The generic idea in an ideal situation the memory should be clocked as fast as your FSB/HTT to gain optimal bandwidth. Unfortunately it's very tough and expensive to have memory clocked at that speed, the technology isn't quite there yet. Today's tested memory is high-end, yet we are restricted at 667 MHz where the AM2 platform we use actually defaults at 800 MHz. So we have to switch back to 677. No worries though as we'll overclock this memory towards 800 MHz also.
When you recently bought a PC, or for that matter are buying a new system you'll notice that most PC's make use of DDR400 (PC3200) memory. It's the most commonly used type as this memory matches your PC's CPU bus speed. That CPU bus speed, also known as "front-side bus speed" (or FSB), is the speed at which the CPU communicates with RAM memory and the motherboard chipset. Athlon XPs have a 266, 333 or 400 MHz FSB, Pentium 4s have a 400MHz, 533MHz or 800MHz and 1066 MHz FSB, AMD Durons have a 200MHz FSB and socket 478 Celerons have a 400MHz FSB and so on and so on and on ..
You know you can actually count hte PCB layers.
When choosing a FSB speed for the CPU you choose, be aware that you'll need to purchase memory capable of this faster speed. For example, many people are enticed by the remarkably low priced memory, yet you need to sync your memory to your CPU's FSB. First of all, all mainboard these days use either DDR or DDR2 memory, the mainboard we used needs DDR2 memory. In our case we know that the CPU we have uses can manage a 667 & 800 MHz memory bus so we're gonna need DDR2 memory rated PC5300 (5300/8=667 Mhz) at the bare minimum in my opinion.
The memory we'll use today is equipped on AM2 based platform with the nForce 590 chipset. Fortunately for us the processor is unlocked and we can can de-/increase the, there is the magic word again, FSB.
Secondly I must add this, always make sure you buy two similar DIMMs so that you can have a dual-channel memory configuration, which effectively double's the memory bandwidth and CPU's love memory bandwidth for sure.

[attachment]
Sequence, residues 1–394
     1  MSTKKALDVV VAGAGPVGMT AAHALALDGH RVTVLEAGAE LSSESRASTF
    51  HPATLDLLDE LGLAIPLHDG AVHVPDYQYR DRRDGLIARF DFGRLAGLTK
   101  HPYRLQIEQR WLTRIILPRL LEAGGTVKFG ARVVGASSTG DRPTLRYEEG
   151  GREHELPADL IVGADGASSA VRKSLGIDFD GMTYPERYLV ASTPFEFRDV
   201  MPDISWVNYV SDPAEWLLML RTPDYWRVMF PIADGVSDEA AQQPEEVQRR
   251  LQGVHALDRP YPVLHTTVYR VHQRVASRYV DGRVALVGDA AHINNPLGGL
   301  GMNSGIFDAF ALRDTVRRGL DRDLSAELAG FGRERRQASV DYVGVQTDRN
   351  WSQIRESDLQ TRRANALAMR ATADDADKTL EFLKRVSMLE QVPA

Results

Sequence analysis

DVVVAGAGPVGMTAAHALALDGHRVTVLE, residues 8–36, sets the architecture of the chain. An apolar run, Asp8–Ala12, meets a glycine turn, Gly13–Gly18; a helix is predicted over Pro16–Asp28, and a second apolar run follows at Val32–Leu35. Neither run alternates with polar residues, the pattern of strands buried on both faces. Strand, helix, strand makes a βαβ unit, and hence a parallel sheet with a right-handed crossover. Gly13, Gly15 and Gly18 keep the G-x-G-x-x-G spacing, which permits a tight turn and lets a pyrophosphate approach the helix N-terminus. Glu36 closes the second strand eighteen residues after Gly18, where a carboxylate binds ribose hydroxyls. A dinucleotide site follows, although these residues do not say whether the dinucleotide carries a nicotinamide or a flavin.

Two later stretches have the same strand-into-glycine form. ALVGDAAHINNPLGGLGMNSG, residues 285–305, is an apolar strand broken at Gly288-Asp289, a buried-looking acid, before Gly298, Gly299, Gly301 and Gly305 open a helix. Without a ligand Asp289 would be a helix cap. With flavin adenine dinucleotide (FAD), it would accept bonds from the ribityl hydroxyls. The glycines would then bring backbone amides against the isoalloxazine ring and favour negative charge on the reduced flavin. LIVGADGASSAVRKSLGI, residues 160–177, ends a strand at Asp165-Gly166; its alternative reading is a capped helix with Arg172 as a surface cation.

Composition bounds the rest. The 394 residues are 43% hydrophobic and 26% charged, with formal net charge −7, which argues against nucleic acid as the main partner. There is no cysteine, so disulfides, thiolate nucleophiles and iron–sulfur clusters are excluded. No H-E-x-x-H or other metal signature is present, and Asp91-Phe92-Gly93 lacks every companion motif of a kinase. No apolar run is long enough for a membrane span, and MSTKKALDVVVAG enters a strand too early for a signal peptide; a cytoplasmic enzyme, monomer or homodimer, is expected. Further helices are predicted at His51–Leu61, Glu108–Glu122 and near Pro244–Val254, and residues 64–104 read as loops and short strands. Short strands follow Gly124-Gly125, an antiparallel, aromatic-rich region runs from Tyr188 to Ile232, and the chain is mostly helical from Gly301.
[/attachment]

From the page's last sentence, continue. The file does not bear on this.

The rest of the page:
Third factor you should take into account (if you are going to overclock) is to get buy a mainboard that can increase the voltage level of your memory significantly, also it should offer you scalability not only in on that FSB, but also offers you a choice in multipliers & dividers. Our choice in platform would be nForce 590 here. Not a cheap solution, but definitely one of the most tweakable platform available to date.
The Patriot PC2-5300LLK memory
Patriot Extreme Performance PC2-5600 memory is designed to operate at the a frequency of 667MHz while running a low timing of 4-4-4-12 (tCAS-tRCD-tRP-tRAS).
This is quite targeted at Intel based chipsets, it allows it's operations at lower latency while maintaining stability and thus offer rather good performance.
What's important that if you buy the kit then at the end of the production line the kit is merged together so you know that the memory = 100% from the same build batch. The DIMMs are covered up by heat spreaders and what's very notable is the fact that the memory is backed by a time warranty.
Judging from the specifications, Patriot modules seem to like more voltage, when you start to overclock you'll need to raise that voltage at BIOS level. If you want to run it at nominal speed it already is recommended to set your DDR voltage at 1.8 or 1.9 volts, we usually fire off 2.1 volts at DDR2 memory when we start to overclock & tweak.
First, we will set the memory at it's normal 667 MHz operation, then 800 & will look if it can go higher in MHz with the help of the BIOS memory dividers and frequency.
PC2-5300 Operating at 667MHz
Low Timings 4-4-4-12
Offered in both Single Modules and Dual Channel Paired Kits
Available in various capacities up to 1GB paired kits
100% Hand Tested
Premium Aluminum Heat Spreaders with our own Bladed Technology
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